The wave of dead lodgepole and whitebark pine has mostly passed in the Sawtooth National Recreation Area (SNRA). However, the primary reason is that most of the pine are now dead.

The epidemic began just downriver from Stanley, Idaho in the late 1990s. While the Forest Service tried cutting affected trees and also did proactive thinning, it did little to stop the epidemic. The Service’s “red tree” program (named after the color of the pine needles when the tree first dies) helped reduced the fire danger to residences somewhat, but the mountain pine bark beetles moved on just like they almost always do until a very cold winter stops their march.

What happened in the SNRA is currently taking place on a much larger scale in British Columbia and now Alberta. No amount of logging can keep ahead of the die-off.

The end result will be big forest fires. These will renew the forests unless the climate has changed making the area too hot or dry for lodgepole pine. Lodgepole regenerates easily because the cones lie in the shade for years and, which one kind of exception, open only when exposed to direct sun or fire.

Whitebark pine is not so fortunate because is grows on the high slopes, just below timberline, where growth is slow under the best conditions. It is also beset by whitebark pine blister rust, an exotic fungal disease.

The Idaho Mountain Express recently wrote of the epidemic wave. Mountain pine beetle slows down. years-long infestation is past its peak, forester says. By Greg Stahl. Idaho Mountain Express Assistant Editor.

The red trees are explosively flammable. You can light their needles when they are soaking wet! However, after about one year the red needles drop off. The bare, dead lodgepole are not explosively flammable, but the burn easily. In those case where fire does not come through, young lodgepole will sprout in the sun under the dead trees. The likelihood of a large fire down in the forested parts of the Sawtooth Valley and Stanley Basin will persist for years.

The forest will come back one way or the other, except if climatic conditions change so a forest can no longer grow in the area.

A major fire on the east side of the SNRA burned in the late summer of 2005 — the Valley Road Fire. Beginning June 23, the Forest Service will be sponsoring educational walks through parts of the Valley Road fire burn. Story. Learn about the big burn. SNRA program reveals Valley Road Fire benefited the forest. By Jennifer Tuohy. Idaho Mountain Express Staff Writer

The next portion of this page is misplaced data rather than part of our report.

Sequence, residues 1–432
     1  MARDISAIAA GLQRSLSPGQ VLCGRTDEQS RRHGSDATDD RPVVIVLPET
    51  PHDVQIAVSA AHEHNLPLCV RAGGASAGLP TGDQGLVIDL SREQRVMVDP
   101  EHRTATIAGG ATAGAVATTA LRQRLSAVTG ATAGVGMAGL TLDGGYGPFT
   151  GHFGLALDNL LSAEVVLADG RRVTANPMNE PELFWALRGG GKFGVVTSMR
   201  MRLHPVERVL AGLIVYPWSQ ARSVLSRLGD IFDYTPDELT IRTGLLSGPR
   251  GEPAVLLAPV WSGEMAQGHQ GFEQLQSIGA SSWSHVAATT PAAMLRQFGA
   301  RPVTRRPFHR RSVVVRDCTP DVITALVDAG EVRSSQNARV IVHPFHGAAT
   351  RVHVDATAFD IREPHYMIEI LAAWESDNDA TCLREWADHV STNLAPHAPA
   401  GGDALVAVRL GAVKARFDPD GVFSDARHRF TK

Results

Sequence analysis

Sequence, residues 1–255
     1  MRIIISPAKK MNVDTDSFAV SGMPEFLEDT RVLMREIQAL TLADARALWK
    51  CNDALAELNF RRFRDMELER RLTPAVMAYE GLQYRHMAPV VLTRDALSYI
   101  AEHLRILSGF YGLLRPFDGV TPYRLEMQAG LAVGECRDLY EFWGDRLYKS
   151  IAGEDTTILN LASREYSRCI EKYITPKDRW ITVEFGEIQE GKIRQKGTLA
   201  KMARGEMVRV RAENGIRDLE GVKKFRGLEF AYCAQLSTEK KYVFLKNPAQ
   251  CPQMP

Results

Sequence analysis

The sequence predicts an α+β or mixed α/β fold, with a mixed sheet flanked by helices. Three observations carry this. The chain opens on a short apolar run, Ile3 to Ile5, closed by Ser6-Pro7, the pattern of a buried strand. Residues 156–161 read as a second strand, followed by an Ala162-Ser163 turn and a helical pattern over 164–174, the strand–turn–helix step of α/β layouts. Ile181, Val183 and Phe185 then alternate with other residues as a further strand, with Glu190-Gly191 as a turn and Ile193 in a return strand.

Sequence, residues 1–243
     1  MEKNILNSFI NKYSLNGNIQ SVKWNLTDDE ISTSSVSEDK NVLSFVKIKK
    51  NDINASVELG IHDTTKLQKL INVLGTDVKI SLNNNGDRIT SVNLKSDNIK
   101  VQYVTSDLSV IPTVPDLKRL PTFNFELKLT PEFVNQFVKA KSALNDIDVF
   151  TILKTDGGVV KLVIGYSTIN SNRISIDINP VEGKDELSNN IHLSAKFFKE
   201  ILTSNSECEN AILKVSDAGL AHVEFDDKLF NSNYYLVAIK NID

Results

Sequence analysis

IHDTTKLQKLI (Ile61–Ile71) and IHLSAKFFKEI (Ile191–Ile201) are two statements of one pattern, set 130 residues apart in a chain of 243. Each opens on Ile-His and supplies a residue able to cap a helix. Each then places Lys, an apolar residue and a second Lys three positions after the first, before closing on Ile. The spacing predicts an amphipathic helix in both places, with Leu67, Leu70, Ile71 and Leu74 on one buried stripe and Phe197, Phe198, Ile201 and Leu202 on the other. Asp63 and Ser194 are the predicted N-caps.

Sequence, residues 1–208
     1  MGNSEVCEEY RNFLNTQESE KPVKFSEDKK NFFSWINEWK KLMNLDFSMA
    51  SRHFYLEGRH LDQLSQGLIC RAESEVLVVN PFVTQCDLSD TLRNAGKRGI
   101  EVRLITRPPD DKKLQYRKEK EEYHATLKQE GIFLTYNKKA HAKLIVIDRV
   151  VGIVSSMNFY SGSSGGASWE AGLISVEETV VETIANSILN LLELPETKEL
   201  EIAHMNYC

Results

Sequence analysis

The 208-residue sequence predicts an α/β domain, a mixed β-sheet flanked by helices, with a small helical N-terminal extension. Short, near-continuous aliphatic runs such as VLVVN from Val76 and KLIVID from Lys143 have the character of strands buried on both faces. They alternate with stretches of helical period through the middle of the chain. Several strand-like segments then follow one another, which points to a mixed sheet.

red-lodgepole-near-stanleyb.jpgRed lodgepole pine in the Sawtooth National Recreation Area.

A major fire burned up the backside of the Sawtooth Mountain range last summer and almost burned into Stanley Basin.
trailheadfireblowsup.jpg
The plume of the Trailhead Fire from summer of 2006. Photo copyright Lynne Stone.

 
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About The Author

Ralph Maughan

Dr. Ralph Maughan is professor emeritus of political science at Idaho State University with specialties in natural resource politics, public opinion, interest groups, political parties, voting and elections. Aside from academic publications, he is author or co-author of three hiking/backpacking guides, and he is President of the Western Watersheds Project.

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‎"At some point we must draw a line across the ground of our home and our being, drive a spear into the land and say to the bulldozers, earthmovers, government and corporations, “thus far and no further.” If we do not, we shall later feel, instead of pride, the regret of Thoreau, that good but overly-bookish man, who wrote, near the end of his life, “If I repent of anything it is likely to be my good behaviour."

~ Edward Abbey

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